Code Usage

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*From the Tools Menu of ActiveHome Professional, select "Find Other Computers."

This will list all 256 house-unit codes. Red dots represent codes the interface has detected that are not used in your current ActiveHome Pro file. These codes could be legitimate transmissions by other X10 equipment, as well as random noise on the power line that has matched an X10 code. If you see house codes with Red blocks, this means that someone nearby may be using that house code. You can change your house codes to avoid any that a neighbor uses. This ActiveHome Pro feature shows the results after the last time the log file was cleared. If you make changes, clear the log file, and check it again after a few days.

CodeUsage3.PNG CodeUsage2.PNG

If all of the unit codes under house code H turn red sometime after you have reset the screen, this is a possible indication of line noise.

Below is an example of what can cause abnormal lighting events when line noise is present on your house wiring. X10 codes A1 and A2 will be used for illustration, however, any code would apply.

If random signals are present on the power line when the A1 signal is transmitted; are near the X10 frequency (120KHz); and occur in synch with the X10 command, the random signals can be interpreted by X10 modules as a part of the X10 command.

The binary sequence for House code A is 0110. Unit 1 is 0110 and unit 2 is 1110. With the House and Unit codes put together, we get:

A1 = 01100110 A2 = 01101110

As you can see, the two commands are different in one bit position. It only takes a random signal at the right time to change A1 to A2. Actually, the sequence of signals is more complex than the description so far, however, the explanation here demonstrates the basic concept. If you would like to know more about X10 transmission theory, please click here. The odds of random noise coinciding with a user-activated, X10 command is quite low. It is more likely--although still remote--that random signals on the power line will match a valid X10 command sequence. The result is ghost lighting.

Another source of ghost lighting can come from a neighbor who has X10 equipment and is sharing the same transformer or is within range of your transceiver. The solution to this problem may be as simple as changing house codes. If you disconnect the interface cable from the computer, but leave it connected to the interface, the cable acts as an antenna, which could pick up random signals that the interface interprets as a valid command.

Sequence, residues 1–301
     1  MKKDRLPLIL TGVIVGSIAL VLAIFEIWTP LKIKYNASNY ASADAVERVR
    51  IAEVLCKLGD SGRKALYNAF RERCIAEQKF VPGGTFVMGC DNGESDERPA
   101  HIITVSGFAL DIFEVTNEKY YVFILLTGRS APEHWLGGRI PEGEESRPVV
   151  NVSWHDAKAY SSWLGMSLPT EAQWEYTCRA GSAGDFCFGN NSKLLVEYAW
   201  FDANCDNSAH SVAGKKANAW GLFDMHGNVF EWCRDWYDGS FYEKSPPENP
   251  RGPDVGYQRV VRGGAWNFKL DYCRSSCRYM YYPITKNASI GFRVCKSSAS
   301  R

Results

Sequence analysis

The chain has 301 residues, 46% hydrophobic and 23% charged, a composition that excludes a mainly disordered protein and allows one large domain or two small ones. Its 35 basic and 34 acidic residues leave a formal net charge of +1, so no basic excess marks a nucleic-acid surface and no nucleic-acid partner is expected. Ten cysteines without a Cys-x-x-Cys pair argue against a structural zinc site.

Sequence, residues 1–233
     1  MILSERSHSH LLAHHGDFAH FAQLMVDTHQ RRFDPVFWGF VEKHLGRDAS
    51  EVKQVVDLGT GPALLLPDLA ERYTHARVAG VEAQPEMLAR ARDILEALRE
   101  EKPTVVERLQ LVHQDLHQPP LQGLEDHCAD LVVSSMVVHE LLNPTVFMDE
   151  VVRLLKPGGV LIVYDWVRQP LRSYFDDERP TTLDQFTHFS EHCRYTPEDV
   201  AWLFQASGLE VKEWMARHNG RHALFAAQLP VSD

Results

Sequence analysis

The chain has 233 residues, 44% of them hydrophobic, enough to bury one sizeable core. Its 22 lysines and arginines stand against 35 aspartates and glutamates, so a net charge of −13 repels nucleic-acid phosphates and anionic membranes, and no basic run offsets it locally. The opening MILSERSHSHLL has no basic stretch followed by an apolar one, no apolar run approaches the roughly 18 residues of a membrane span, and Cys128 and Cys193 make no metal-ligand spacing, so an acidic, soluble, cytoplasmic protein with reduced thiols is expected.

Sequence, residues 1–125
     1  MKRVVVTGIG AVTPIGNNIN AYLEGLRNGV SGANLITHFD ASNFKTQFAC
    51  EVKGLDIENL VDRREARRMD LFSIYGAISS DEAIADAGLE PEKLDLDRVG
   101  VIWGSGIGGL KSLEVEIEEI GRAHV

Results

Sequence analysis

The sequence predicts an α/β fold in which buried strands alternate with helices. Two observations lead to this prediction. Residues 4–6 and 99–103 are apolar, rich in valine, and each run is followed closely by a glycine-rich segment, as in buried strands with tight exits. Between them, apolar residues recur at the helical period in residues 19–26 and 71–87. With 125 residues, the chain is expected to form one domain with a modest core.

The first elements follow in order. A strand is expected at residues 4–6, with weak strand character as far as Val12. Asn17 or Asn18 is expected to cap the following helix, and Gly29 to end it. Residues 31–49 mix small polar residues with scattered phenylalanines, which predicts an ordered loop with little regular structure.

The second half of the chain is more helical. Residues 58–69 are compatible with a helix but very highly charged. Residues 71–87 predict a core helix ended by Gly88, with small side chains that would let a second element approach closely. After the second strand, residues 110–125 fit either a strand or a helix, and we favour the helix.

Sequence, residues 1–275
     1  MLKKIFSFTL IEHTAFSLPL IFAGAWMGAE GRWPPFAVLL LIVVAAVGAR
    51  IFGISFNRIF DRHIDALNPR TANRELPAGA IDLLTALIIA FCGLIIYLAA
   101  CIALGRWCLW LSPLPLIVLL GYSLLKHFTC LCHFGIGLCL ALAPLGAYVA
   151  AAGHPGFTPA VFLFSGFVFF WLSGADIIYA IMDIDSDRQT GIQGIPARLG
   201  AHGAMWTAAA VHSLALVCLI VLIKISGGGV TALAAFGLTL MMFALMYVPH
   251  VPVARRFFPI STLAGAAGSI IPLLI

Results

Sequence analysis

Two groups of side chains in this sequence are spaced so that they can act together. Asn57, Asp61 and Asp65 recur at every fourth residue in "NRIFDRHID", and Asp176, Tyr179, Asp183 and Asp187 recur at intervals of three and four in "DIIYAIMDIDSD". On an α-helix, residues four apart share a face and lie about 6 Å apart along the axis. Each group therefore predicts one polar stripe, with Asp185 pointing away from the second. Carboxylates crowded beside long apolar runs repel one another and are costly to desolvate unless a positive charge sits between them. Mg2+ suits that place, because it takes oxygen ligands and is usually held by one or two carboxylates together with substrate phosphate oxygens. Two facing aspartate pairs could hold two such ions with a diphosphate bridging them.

The ActiveHome Pro interface uses the 60Hz from your power line to regulate its clock. If you have line noise, the interface may "see" more or less than sixty cycles per second, therefore, the clock advances or slows when it shouldn't.

Next, you will need a surge protector. If the surge protector has other devices plugged into it, remove them. The surge protector will create a "quiet" test area. Plug your interface into the surge protector and then plug your transceiver into the interface. Using your remote, make the transceiver's relay click on and off. Verify that the status of the transceiver in ActiveHome changes state. This verifies that communication between the interface and your computer is active.

Check every few hours for changes. If many red dots appear and/or the clock wanders when the interface is plugged directly into an outlet, but nothing changes when it is in the surge protector, you are most likely dealing with line noise. Keep in mind, there is a greater chance of line noise at night due to the increased use of lights and appliances.

To determine the source of the line noise involves unplugging all of your appliances until the problem disappears. One by one, plug your appliances back in until the problem reappears. The source of the line noise may be a single appliance or a combination of appliances. Common sources are computers, TVs, refrigerators, intercoms, baby monitors, and malfunctioning outlets. If isolating the source is not determined by unplugging lights and appliances, try turning off various circuits using your breaker box. The source can also be from your utility provider or your neighbor's appliances.

If you are able to determine the source, and it is a plug-in device, you can acquire a filter to isolate the device from the rest of your home. If you are able to determine the source is from a specific circuit, a line noise reducer may help.


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